Research suggests that autoimmune thyroid disease is the most common autoimmune disease linked to alopecia. In one 2013 study that included more than 3,500 people with alopecia, almost 15% also had autoimmune thyroid disease.

Your thyroid may be small, but it has some mighty jobs. This butterfly-shaped gland in your neck releases hormones that regulate everything from body temperature to energy use (metabolism), growth, and sleep.

Thyroid hormones also help your hair grow, so it makes sense that a problem with this gland can contribute to hair loss.

If you have hypothyroidism, it means your thyroid gland is underactive. It’s like your thyroid is releasing its hormones in slo-mo. And when you have less thyroid hormone, all the functions it controls in your body slow down. The main cause of hypothyroidism in the United States is an autoimmune disease called Hashimoto thyroiditis.

Levothyroxine is a treatment for hypothyroidism that revs thyroid hormone production back up. It’s a lab-made version of the hormone that your thyroid isn’t making in large enough amounts.

Type 1 diabetes is also associated with alopecia areata. In a small 2008 study involving 71 people with alopecia areata, researchers found that 7.1% also had type 1 diabetes.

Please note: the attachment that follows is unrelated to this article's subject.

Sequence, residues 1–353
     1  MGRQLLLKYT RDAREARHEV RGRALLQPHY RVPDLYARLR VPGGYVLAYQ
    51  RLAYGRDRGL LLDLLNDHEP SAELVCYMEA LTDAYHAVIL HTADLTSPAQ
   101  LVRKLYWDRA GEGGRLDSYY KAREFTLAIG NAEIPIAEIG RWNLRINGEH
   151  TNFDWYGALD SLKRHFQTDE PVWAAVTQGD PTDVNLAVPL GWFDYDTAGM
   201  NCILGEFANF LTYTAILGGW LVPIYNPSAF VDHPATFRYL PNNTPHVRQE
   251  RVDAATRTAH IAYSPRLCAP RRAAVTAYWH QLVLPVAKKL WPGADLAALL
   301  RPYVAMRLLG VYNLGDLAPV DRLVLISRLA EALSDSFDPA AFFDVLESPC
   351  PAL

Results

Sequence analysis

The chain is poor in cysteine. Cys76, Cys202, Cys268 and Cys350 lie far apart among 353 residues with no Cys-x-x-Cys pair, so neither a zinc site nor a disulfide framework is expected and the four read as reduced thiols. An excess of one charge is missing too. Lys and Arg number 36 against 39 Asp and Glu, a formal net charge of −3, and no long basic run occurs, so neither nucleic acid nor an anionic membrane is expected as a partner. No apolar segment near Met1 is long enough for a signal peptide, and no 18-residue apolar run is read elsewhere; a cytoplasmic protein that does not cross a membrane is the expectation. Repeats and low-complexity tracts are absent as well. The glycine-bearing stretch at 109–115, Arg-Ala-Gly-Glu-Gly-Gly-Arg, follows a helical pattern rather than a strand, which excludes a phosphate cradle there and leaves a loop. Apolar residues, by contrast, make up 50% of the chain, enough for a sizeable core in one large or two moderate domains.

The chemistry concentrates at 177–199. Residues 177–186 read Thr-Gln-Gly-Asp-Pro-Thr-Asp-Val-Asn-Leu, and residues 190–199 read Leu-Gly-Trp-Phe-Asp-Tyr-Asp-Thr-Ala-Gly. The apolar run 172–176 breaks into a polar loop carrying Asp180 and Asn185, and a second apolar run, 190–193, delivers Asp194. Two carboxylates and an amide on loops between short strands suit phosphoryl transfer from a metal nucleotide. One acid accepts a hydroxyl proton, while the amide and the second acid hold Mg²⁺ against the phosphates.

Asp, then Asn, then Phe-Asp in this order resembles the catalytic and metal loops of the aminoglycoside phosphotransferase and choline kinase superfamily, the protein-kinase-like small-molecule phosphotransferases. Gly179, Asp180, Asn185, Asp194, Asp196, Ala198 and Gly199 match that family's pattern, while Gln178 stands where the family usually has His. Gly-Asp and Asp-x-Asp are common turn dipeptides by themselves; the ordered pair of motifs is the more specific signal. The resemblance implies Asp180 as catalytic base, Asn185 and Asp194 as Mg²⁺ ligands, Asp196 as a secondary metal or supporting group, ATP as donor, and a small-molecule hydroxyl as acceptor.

If you have type 1 diabetes, your pancreas doesn’t make enough of the hormone insulin — it may not make any at all. Insulin typically moves glucose (sugar) out of your bloodstream and into your cells for storage, so the lack of insulin makes sugar build up in your bloodstream.

Having high blood sugar over a long period of time can damage your nerves, eyes, kidneys, and other organs. That’s why you’ll need to take insulin, count carbs, and check your blood sugar levels often to manage type 1 diabetes.

In lupus, the immune system attack isn’t directed at only one part of your body. It’s everywhere, affecting your skin, joints, kidneys, heart, and lungs.

Treatment for lupus involves a combo of meds that calms down your immune system and tames inflammation all over your body. While lupus isn’t curable, you can manage it by sticking to the treatment plan prescribed by your rheumatologist.